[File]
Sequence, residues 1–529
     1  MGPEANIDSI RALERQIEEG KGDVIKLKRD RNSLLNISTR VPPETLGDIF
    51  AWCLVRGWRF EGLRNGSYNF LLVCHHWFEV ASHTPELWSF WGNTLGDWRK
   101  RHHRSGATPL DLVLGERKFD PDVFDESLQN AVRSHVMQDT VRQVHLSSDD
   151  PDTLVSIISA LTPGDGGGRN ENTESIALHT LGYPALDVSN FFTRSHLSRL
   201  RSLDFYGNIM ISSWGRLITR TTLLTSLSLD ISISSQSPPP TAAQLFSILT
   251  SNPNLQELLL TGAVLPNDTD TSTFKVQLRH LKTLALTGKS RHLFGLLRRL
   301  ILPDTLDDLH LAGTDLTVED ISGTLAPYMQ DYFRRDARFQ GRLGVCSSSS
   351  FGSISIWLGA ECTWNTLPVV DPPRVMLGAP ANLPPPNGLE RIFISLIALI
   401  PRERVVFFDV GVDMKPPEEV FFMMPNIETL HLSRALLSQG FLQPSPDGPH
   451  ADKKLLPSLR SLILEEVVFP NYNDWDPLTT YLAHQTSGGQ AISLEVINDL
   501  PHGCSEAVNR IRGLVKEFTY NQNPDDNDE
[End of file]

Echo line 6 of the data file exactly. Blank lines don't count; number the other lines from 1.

   201  RSLDFYGNIM ISSWGRLITR TTLLTSLSLD ISISSQSPPP TAAQLFSILT